In our paper, Speaking of Corporate Social Responsibility, which was recently made publicly available on SSRN, we introduce a new way to think about the underlying variation in global CSR practices, as we focus on how differences in cross-national CSR commitment stem from characteristics of the languages spoken across the globe. Prior research has shown that one of the most important factors that shapes culture and creates variation in economic behavior across countries is the spoken language (Chen, 2013). Languages do not merely express thoughts that are rooted in culture; the structures within language also shape the very thoughts that people wish to express. A critical difference across languages is whether or not they require speakers to grammatically mark future events (compulsorily use the future tense to describe future events). According to linguists, grammatically separating the future and the present leads speakers to disassociate the future from the present, as this would make the future feel more distant. However for some languages, such as German, differentiating between the present and future is optional, not mandatory like it is in English. Linguistics research has shown that by having the present and the future in different conceptual categories, mandatory future-time reference (FTR) in a language reduces the psychological importance of—and hence a person’s concern for—the future (Dahl, 2000; Thieroff, 2000).

Following this line of thinking, we hypothesize that companies with strong-FTR languages as their official/working language are less future-orientated and, hence, perform worse in terms of CSR compared to firms in weak-FTR language environments. Examining thousands of global companies across 59 countries from 1999-2011, we find support for our theory. In addition, we also test factors that we expect to mitigate the negative relation between FTR and CSR performance. We demonstrate that the relation between FTR and CSR performance is weaker for firms that have greater exposure to diverse global languages as a result of (a) being headquartered in countries with higher degree of globalization, (b) being more international (with production or sales facilities abroad), and (c) having a CEO with more international experience and overseas education. These results are robust after controlling for legal origins, the rule of law, economic development, cultural values and religions, corporate governance, firm financials, and CEO characteristics. We also test our theory on firms in countries where several official languages are spoken (in separate areas), such as Switzerland and Belgium and find similar results. Our results are also upheld when we control for country fixed effects, which potentially rule out most alternative factors at the country level that affect both language FTR and firm CSR. Overall, our results suggest that language use by corporations is a key cultural variable that is a strong predictor of CSR and sustainability.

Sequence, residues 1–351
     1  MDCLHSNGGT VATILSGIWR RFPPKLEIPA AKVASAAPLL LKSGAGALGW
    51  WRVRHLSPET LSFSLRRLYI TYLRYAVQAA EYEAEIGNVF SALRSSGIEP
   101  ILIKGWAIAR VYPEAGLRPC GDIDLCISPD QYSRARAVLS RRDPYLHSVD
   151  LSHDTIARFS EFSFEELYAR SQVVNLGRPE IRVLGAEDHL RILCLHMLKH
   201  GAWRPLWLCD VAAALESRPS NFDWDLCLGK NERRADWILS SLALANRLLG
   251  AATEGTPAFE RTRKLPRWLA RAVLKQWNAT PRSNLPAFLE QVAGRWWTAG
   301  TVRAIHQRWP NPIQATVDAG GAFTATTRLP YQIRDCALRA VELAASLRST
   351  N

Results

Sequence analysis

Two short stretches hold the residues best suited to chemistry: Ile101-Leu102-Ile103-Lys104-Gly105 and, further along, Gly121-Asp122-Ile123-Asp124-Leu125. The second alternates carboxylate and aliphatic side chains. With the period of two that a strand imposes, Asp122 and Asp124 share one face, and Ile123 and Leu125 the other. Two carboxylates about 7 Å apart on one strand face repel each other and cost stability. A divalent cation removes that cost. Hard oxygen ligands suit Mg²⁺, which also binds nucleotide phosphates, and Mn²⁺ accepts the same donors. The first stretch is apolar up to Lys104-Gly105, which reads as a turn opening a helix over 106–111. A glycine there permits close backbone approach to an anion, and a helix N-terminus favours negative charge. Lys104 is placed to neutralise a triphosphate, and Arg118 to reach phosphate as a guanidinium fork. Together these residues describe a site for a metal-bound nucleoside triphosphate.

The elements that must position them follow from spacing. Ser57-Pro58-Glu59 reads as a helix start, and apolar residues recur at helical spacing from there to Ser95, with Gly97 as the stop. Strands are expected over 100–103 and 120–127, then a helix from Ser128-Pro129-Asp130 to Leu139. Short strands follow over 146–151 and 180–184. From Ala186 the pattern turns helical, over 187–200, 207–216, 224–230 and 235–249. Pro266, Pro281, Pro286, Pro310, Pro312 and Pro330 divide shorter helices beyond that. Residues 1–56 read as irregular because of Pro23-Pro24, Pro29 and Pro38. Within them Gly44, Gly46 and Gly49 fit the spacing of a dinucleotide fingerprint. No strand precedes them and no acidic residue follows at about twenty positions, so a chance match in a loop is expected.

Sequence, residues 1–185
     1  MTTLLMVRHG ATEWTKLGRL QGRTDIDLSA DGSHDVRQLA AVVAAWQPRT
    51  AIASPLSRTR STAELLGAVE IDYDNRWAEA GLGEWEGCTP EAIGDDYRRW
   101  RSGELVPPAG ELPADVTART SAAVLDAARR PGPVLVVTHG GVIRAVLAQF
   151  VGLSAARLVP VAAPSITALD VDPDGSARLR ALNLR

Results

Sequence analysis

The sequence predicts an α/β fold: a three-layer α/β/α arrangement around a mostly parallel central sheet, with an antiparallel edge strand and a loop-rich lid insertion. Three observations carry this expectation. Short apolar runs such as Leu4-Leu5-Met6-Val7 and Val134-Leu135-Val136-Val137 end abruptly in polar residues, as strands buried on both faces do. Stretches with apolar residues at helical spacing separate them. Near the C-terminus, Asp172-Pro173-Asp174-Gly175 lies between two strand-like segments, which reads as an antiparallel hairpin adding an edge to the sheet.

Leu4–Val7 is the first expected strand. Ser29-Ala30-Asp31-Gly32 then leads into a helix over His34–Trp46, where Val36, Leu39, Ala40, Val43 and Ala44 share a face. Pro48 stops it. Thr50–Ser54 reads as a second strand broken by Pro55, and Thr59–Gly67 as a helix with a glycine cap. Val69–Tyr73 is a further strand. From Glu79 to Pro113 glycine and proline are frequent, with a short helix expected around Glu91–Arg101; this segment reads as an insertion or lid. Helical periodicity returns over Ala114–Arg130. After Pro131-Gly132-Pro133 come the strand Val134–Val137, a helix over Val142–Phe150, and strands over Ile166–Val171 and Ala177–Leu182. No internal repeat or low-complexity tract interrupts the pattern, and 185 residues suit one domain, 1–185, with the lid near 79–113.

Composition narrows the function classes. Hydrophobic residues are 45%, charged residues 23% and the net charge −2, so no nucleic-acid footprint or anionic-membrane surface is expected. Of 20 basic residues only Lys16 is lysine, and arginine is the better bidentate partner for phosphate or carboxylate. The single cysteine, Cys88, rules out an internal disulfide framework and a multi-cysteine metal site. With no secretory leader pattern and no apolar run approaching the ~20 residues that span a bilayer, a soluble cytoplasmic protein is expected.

Our paper makes two main contributions to the literature. At the basic level, our study contributes to understanding the international variation in CSR. While some researchers have proposed that CSR is related to a deeply cultural process, there are inconsistent findings on which specific cultural mechanisms affect CSR. As we show in this paper, it is crucial to examine language as an important underlying—and largely exogenous—feature that shapes cultural values and norms in a society. Second, our research contributes to the ways in which perceptual category systems focus the attention and the behavior of corporate leaders. Our broader conclusion is that examining how and why language affects organizational behavior is essential to understanding differences in global organizational behavior.

The full paper is available for download here.